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basic technology (Secondary School)

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This article is about the part of a building. For the graphical user interface element, see Window (computing). For the operating system, see Microsoft Windows. For other uses, see Window (disambiguation) and Windows (disambiguation).

A window is an opening in a wall, door, roof or vehicle that allows the passage of light, sound, and air. Modern windows are usually glazed or covered in some other transparent or translucent material, a sash set in a frame[1] in the opening; the sash and frame are also referred to as a window.[2] Many glazed windows may be opened, to allow ventilation, or closed, to exclude inclement weather. Windows often have a latch or similar mechanism to lock the window shut or to hold it open by various amounts.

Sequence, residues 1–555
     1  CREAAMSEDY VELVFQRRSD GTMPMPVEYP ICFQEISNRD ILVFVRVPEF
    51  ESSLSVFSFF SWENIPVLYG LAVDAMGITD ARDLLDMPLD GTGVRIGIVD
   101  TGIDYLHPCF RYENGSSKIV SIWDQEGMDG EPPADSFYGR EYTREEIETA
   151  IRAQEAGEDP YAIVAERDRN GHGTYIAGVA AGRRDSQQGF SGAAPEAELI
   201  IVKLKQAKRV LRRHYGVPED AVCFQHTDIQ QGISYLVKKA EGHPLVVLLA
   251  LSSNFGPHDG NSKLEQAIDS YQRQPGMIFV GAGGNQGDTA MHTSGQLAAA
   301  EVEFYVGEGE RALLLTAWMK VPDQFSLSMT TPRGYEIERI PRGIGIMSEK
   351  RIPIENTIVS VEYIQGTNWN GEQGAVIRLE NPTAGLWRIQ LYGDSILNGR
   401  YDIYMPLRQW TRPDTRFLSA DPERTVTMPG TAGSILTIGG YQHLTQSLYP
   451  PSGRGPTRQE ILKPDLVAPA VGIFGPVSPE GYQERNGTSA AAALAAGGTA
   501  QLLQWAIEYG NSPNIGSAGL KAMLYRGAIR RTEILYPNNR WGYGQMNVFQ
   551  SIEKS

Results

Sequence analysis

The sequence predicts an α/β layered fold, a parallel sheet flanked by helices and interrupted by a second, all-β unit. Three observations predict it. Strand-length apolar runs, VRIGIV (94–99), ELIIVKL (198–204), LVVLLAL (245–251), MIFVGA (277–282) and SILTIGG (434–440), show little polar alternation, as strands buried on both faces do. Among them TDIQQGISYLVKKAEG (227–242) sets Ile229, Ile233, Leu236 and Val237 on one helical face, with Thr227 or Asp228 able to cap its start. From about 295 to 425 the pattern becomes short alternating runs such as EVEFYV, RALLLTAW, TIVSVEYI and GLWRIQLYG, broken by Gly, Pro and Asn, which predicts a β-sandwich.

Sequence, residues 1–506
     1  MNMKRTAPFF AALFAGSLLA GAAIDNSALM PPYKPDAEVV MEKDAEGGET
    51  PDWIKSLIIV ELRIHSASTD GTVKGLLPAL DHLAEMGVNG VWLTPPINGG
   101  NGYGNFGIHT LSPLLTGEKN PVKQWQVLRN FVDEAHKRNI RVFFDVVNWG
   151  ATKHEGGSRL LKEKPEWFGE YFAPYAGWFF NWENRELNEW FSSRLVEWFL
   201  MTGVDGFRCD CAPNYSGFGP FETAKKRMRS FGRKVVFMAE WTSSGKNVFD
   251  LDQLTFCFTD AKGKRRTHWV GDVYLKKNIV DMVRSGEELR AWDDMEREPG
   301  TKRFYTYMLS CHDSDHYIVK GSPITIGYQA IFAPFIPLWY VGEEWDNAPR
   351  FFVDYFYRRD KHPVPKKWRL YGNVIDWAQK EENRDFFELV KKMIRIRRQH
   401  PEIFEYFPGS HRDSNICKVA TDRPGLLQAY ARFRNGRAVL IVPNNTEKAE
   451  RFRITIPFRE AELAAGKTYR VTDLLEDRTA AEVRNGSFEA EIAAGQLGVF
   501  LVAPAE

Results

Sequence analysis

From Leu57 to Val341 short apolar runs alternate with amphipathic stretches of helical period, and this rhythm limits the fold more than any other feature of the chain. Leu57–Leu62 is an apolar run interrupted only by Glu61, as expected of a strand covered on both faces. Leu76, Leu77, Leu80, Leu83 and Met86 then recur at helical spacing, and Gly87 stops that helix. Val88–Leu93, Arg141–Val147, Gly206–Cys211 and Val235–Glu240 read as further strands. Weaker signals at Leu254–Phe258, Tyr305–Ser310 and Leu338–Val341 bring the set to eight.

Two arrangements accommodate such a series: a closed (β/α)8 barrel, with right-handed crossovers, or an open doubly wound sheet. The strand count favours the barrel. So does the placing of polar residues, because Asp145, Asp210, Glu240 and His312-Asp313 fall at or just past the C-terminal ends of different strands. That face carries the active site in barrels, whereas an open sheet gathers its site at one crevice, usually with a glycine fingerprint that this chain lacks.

Types include the eyebrow window, fixed windows, single-hung and double-hung sash windows, horizontal sliding sash windows, casement windows, awning windows, hopper windows, tilt and slide windows (often door-sized), tilt and turn windows, transom windows, sidelight windows, jalousie or louvered windows, clerestory windows, skylights, roof windows, roof lanterns, bay windows, oriel windows, thermal, or Diocletian, windows, picture windows, emergency exit windows, stained glass windows, French windows, panel windows, and double – and triple paned windows.